Copyright © 1997 The Seattle Times Company
Friday, July 11, 1997

North country attracts the rugged individualist

by Ross Anderson
Seattle Times staff reporter

WHITEHORSE, Yukon Territory - Joe Bishop is no iron man. He does not pump iron or run marathons. He does not aspire to the Olympics.

Instead, Bishop aspires to a certain lifestyle. He makes a living cutting firewood and shepherding Japanese businessmen in canoes down wilderness rivers. His life is his contest. And this summer he proved, mostly to himself, that a true Yukon sourdough can hike and paddle with Olympic-class competition.

The test was the Dyea-to-Dawson Race, a grueling affair where two-person teams with 50-pound packs race over rugged, 33-mile Chilkoot Pass, then paddle 600 miles through the Yukon headwaters and down the river to Dawson.

The winner-take-all prize: $5,000 in gold.

At 36, Bishop had never entered a race before. It's not his style. With his reddish beard, wiry frame and granny glasses, he looks like he should be teaching biology or crooning ballads in an Irish pub.

But his story is quintessential Northwest. Raised in Ontario, he began migrating westward, ran into the Pacific Ocean and turned north toward the Yukon.

He stopped here in Whitehorse, a frontier town that is home to 24,000 - two-thirds of the Yukon's 32,000 people.

It's not a particularly charming place. There are pickups with dogs sleeping in the beds, too many seedy bars and at least one trendy pub with microbrews and hors d'oeuvres.

The economy is mostly government and what's left of the mining industry, plus a seasonal trade in outdoor adventure. Whitehorse has more wilderness outfitters than barber shops.

"I guess I've been longer here than anywhere," Bishop says. "So it must be home."

He worked for a while as a wildlife technologist, studying lynx and arctic hare. But government work did not suit him. "You feel like a cog," he says.

Now he lives in a pickup camper on his wooded lot near Whitehorse, wrestling 8-foot spruce and pine logs onto his 3/4-ton truck.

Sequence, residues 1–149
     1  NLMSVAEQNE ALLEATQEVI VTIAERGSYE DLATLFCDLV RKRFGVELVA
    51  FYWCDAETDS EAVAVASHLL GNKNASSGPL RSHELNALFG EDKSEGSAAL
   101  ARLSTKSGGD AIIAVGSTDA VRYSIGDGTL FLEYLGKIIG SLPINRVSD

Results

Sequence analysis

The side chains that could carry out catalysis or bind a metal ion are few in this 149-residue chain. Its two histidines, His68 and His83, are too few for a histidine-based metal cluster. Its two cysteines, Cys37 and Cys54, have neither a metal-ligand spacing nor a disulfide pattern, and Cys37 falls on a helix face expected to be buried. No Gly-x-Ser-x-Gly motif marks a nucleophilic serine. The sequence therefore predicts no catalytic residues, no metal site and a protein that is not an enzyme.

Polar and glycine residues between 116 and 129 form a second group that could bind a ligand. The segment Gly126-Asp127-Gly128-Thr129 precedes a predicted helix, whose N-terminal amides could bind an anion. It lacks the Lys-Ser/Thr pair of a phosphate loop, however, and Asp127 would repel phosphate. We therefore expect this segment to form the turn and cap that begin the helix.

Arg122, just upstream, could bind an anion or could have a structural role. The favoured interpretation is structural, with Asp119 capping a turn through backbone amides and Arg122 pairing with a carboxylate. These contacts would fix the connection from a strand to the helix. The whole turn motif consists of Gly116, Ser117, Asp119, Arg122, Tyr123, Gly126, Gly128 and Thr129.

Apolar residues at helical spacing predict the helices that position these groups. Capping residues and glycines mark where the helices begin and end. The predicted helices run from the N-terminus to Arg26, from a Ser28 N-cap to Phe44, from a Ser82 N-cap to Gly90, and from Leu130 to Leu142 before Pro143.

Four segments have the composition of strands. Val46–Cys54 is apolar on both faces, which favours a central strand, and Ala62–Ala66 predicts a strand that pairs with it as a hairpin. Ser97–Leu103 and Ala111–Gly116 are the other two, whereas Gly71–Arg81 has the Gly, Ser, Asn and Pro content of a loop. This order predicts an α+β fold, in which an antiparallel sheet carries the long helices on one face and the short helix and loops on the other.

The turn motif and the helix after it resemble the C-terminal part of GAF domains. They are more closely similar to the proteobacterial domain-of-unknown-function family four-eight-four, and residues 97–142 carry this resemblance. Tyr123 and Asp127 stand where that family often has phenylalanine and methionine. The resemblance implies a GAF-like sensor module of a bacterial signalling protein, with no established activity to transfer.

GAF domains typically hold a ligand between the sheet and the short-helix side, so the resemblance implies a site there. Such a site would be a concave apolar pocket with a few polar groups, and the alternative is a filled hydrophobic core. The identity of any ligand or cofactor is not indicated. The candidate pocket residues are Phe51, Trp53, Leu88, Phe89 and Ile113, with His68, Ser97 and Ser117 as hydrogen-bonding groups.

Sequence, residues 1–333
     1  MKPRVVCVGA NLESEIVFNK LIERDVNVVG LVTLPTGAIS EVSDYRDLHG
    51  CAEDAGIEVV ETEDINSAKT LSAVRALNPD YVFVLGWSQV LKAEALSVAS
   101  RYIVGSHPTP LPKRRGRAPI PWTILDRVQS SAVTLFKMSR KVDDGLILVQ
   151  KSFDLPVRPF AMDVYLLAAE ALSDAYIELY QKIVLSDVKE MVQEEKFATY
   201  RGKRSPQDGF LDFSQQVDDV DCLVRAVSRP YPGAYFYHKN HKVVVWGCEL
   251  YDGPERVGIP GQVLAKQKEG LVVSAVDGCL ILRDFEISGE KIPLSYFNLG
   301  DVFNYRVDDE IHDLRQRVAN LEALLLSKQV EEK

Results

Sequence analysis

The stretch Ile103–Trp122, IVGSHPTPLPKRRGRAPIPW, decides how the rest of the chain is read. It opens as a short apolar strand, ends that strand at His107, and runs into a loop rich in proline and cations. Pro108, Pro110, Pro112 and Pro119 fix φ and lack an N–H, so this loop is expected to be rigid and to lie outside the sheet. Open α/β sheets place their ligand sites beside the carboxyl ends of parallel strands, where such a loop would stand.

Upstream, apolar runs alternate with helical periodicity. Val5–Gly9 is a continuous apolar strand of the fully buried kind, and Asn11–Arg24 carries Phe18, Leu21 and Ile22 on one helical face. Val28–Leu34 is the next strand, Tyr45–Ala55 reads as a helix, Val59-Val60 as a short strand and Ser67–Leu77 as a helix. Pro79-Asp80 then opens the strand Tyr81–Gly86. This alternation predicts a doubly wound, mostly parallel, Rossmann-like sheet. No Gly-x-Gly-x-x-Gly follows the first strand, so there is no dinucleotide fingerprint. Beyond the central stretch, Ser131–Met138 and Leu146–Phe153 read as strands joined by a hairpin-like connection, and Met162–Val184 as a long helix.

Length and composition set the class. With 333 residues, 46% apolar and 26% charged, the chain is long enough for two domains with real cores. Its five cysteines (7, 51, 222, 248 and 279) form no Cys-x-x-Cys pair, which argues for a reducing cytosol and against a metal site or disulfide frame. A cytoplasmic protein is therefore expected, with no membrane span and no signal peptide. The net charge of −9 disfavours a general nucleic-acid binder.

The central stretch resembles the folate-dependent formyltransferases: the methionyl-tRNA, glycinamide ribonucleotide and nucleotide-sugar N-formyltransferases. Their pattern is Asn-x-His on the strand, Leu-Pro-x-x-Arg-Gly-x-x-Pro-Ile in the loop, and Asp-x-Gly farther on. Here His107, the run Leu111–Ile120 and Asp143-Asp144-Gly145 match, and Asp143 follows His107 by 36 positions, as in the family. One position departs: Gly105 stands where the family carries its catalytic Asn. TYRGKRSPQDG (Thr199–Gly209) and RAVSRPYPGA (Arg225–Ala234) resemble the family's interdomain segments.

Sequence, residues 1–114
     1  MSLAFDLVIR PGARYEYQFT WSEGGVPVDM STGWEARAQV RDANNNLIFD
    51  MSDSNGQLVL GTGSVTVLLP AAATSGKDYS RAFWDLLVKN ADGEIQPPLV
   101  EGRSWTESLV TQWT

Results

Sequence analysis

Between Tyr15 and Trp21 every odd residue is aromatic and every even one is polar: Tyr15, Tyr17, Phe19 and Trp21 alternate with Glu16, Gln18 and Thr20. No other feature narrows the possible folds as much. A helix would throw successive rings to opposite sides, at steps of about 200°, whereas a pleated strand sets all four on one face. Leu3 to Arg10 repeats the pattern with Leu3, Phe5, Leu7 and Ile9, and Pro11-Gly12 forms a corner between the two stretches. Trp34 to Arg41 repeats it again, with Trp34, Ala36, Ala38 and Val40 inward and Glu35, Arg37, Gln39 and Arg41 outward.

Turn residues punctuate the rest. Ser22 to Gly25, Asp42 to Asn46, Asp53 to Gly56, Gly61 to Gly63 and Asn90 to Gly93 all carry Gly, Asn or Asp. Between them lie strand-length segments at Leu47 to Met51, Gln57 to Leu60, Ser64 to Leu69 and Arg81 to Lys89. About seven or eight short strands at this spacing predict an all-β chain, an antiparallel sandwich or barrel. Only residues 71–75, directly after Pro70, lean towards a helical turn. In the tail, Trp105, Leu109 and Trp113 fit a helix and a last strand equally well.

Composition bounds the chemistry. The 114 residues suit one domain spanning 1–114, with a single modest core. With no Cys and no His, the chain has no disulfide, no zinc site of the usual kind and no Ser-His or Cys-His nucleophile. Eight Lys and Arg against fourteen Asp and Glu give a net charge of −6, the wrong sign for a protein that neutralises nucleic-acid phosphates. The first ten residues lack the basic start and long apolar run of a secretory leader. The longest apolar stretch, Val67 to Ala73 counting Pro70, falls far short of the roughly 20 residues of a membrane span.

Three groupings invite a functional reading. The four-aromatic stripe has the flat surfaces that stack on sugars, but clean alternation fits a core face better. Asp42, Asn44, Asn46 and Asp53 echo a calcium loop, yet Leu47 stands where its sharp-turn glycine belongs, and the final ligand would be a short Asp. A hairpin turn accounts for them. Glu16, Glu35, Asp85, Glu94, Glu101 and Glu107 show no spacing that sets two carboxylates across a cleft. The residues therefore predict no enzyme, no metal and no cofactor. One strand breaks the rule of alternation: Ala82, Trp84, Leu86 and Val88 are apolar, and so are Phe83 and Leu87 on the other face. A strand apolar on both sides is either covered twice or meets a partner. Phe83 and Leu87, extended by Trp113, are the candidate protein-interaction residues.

Summers he goes to work for Kanoe People, the folks who rented us our kayaks. For three or four months of the year, Bishop guides tourists on canoe expeditions before returning to his wood lot.

Last fall, Bishop heard of the Dyea-to-Dawson Race, a novel marathon designed to commemorate the Klondike Gold Rush of 1897-98. The race would follow the path of the stampeders, only at breakneck speed.

Bishop decided to go for it, and Kanoe People sponsored him. He teamed up with 23-year-old Thane Phillips, a fellow canoist.

The key would be endurance. "I cut wood until the snow got too deep. Then I started going to the gym, which I'd never done before."

By race time - June 13 - he figured he was ready. There were 50 teams, including Olympic-class cross-country skiers, marathon runners and "aerobic machines."

Bishop and Phillips covered the Chilkoot Trail in a bit more than a day, but still trailed the marathoners. "We knew this wouldn't be our strongest leg," he says. "We were staggering."

At Bennett Lake, they threw their gear in a canoe and started paddling. The race continued around the clock through the dusky, northern nights.

"We took turns sleeping in the boat, a half-hour at a time. We were making up ground on the leaders, but the pressure was pretty ridiculous."

There were no meals - just high-energy food bars and powdered drinks. "Five days of PowerBars, and we grumbled about the time it took to stop and unwrap them."

When Bishop and Phillips paddled onto the shore at Dawson City, they had covered 600-plus miles in 5 1/2 days.

That was good for fourth place. The winners, both Olympic skiers, did it in 4 1/2 days.

I hope to do it in about three weeks.

"We didn't expect to win," Bishop shrugs.

Winning is not what this place is about. Like most of the people in these parts, he came, in part, to escape the competition of The Outside. Bishop's only race is with himself.

"The North attracts people who are individuals," he says. "Here I feel I'm in control of my life.

"It's not always easy. There's no security. If I break my arm tomorrow, I have to find another way to make a living.

"But I think people expect more out of life in the North. It's adventure, exhilaration, whatever. . . . You aren't willing to get up in the morning and dread going to work. You overcome obstacles."

We have our own challenge - 450 more miles of river. It is not a race, and it will not make us rich. But we're going to Dawson City.

As we push off the beach, back into the gurgling river current, Bishop watches wistfully from the beach.

C'mon, Joe. Throw in with us. We're headed for the goldfields.

Bishop shakes his head. "Not this time," he says. "Be careful out there."

"And don't rush things. It isn't worth it."

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Copyright © 1997 The Seattle Times Company